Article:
, Volume 38, Issue 1, pp 208-225

Phoneme segmentation training: Effect on reading readiness

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Abstract

Recent evidence suggests that the ability to segment words into phonemes is significantly related to reading success, and that training in phoneme segmentation appears to have a positive influence on beginning reading. In this study, we evaluated the effect on reading readiness of phoneme segmentation training in kindergarten. Ninety nonreaders with PPVT-R standard scores of 78 or higher were randomly selected from six kindergarten classrooms and assigned to one of three treatment conditions: a) phoneme segmentation group; b) language activities group (control group I); and c) no intervention (control group II). The phoneme segmentation group received seven weeks of instruction in segmentation and in letter names and sounds. Also for seven weeks, the language activities group received the identical instruction in letter names and sounds and additional language activities. Prior to the intervention, the three groups did not differ in age, sex, race, PPVT-R phoneme segmentation, letter name and letter sound knowledge, or reading ability. After the intervention, the phoneme segmentation group outperformed both control groups on phoneme segmentation and reading measures. This study provides additional strong support for including phoneme segmentation training in the kindergarten curriculum. Clinical suggestions for teachers are included.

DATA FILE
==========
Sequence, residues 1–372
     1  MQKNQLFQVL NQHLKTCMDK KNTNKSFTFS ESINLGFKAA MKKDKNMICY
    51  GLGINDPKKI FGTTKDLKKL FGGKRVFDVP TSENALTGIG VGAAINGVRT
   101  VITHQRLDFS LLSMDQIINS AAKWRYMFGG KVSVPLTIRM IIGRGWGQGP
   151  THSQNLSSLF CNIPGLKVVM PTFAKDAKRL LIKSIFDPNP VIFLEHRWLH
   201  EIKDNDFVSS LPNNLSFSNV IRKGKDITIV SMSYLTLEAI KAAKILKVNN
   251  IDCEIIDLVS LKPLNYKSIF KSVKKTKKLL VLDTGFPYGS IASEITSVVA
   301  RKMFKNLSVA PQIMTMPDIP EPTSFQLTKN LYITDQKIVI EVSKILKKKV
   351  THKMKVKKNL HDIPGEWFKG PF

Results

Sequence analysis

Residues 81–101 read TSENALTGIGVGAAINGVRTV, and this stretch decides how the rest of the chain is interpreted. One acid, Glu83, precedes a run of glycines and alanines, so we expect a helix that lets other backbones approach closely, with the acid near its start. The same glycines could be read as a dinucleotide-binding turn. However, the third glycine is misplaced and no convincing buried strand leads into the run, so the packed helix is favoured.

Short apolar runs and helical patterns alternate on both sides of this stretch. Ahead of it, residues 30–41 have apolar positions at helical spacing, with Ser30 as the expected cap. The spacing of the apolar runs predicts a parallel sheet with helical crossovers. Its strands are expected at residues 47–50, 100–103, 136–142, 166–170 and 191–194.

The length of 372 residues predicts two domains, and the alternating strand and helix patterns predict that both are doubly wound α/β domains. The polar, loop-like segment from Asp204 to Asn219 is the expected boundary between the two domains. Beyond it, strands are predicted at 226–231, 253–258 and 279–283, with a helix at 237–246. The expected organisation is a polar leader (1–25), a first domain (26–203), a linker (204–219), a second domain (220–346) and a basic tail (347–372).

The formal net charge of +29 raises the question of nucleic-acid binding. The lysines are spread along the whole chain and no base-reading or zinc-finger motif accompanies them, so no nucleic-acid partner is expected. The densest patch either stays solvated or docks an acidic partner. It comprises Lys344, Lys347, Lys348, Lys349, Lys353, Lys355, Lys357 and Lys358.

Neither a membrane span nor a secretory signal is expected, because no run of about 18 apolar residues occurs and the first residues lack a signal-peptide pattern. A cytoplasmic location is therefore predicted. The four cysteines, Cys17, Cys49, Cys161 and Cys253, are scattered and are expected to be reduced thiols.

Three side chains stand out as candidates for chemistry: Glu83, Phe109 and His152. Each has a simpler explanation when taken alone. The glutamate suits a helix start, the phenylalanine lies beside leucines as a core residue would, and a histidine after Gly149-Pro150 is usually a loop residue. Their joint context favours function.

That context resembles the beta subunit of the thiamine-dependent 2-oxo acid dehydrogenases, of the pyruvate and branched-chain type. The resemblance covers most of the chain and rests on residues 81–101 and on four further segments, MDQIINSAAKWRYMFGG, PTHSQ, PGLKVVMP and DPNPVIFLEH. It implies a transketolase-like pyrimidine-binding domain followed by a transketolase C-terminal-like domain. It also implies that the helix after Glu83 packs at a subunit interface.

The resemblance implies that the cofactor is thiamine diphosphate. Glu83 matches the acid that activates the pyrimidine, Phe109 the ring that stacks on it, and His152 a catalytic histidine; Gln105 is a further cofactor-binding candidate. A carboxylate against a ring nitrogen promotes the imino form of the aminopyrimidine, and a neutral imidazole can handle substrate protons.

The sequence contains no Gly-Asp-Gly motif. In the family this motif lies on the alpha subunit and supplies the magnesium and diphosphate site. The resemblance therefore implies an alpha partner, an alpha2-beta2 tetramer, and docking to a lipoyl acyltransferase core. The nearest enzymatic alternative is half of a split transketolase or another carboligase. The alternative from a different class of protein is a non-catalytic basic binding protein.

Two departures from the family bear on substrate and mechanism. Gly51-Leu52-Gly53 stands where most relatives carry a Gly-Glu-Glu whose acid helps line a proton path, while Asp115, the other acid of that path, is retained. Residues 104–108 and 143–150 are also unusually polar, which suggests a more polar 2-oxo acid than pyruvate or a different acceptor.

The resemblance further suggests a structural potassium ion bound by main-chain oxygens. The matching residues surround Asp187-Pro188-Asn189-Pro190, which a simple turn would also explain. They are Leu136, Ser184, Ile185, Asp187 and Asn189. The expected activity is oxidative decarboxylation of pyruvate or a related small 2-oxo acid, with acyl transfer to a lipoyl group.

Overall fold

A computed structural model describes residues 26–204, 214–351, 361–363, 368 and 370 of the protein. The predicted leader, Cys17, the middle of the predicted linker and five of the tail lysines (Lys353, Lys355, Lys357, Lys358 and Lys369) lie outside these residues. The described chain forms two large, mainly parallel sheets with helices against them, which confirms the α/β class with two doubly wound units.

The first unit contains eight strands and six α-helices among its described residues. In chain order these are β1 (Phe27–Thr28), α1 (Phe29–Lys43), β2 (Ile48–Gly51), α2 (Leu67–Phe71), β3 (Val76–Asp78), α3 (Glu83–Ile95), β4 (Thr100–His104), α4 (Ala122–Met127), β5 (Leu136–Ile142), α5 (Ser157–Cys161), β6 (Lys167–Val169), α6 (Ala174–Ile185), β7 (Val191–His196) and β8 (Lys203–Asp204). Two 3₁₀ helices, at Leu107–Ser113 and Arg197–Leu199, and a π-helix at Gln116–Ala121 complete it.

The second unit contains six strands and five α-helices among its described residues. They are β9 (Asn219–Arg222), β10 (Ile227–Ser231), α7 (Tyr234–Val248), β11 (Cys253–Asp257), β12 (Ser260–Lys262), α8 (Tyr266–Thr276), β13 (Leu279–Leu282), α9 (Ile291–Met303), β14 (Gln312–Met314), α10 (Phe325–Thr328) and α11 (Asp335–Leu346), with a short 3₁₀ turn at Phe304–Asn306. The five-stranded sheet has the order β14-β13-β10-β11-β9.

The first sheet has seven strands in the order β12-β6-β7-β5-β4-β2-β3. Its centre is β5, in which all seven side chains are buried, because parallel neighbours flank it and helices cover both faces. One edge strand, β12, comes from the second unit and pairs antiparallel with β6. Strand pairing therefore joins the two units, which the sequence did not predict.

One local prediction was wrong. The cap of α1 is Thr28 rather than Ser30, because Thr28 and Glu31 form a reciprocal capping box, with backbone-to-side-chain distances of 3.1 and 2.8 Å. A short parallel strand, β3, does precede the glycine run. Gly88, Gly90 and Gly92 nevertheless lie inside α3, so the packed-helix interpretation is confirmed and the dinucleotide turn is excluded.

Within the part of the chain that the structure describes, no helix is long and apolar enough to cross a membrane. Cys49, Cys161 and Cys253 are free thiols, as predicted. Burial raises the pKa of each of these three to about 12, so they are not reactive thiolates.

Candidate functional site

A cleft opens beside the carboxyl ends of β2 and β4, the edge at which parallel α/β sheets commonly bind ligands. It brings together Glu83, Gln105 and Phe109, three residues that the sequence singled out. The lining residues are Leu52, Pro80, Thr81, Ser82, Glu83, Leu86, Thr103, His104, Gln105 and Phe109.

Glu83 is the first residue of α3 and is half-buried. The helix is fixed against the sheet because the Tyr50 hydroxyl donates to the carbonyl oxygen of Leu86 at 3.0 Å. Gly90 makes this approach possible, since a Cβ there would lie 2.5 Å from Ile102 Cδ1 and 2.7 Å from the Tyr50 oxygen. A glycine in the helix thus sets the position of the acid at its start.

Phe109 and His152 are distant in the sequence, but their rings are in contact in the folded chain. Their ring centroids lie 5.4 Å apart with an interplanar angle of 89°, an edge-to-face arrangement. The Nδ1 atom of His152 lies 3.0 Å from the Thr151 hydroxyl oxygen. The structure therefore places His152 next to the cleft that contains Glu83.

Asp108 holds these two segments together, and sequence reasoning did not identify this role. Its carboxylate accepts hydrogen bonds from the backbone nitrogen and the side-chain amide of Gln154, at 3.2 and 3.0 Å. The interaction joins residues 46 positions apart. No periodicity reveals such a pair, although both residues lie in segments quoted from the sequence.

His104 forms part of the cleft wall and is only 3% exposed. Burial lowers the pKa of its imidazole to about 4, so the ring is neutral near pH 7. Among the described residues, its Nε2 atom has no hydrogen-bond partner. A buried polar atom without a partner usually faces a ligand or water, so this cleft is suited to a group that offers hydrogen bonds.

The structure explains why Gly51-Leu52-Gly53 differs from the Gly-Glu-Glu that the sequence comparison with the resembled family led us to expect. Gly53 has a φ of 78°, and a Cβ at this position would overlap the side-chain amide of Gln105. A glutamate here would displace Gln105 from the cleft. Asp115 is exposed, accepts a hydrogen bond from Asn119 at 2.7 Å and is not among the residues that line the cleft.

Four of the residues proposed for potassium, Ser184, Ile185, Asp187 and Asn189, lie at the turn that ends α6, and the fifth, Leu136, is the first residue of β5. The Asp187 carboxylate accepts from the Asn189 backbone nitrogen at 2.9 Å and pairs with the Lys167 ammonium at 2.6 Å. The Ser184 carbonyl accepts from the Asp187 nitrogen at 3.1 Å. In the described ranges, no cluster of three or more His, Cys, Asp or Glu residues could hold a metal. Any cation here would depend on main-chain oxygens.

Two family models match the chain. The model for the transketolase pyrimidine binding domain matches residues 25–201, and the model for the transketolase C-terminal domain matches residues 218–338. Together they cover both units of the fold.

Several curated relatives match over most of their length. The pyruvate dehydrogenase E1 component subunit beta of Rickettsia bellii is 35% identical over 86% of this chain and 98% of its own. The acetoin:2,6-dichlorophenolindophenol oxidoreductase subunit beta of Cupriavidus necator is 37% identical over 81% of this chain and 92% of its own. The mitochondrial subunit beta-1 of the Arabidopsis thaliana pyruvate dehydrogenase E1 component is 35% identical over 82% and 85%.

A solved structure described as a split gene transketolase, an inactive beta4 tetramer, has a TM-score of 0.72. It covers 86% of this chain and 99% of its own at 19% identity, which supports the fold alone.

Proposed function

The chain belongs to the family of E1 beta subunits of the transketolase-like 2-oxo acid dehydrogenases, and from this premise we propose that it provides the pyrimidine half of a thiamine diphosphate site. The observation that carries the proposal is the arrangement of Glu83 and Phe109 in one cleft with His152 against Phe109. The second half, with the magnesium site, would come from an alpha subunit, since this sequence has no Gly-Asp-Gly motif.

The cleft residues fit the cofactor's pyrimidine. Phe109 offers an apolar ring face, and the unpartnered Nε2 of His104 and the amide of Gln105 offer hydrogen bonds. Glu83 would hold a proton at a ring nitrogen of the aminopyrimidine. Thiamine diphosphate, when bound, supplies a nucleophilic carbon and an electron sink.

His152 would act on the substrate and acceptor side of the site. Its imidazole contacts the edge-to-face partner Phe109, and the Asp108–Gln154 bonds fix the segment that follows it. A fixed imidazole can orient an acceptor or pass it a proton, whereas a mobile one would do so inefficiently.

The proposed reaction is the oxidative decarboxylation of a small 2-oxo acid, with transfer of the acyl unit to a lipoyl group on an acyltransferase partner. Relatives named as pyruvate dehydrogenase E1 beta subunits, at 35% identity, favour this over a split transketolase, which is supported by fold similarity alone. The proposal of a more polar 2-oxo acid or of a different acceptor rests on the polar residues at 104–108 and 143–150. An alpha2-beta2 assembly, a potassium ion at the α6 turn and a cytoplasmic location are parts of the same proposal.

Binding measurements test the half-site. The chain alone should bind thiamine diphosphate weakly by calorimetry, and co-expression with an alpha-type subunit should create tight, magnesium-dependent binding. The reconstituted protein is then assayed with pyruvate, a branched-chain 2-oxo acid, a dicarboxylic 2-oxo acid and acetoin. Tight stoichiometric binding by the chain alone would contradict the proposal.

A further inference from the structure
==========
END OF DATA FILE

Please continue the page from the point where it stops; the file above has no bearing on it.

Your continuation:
This project was supported in part by USDE grant # G008630421 and a Syracuse University Senate Research Grant.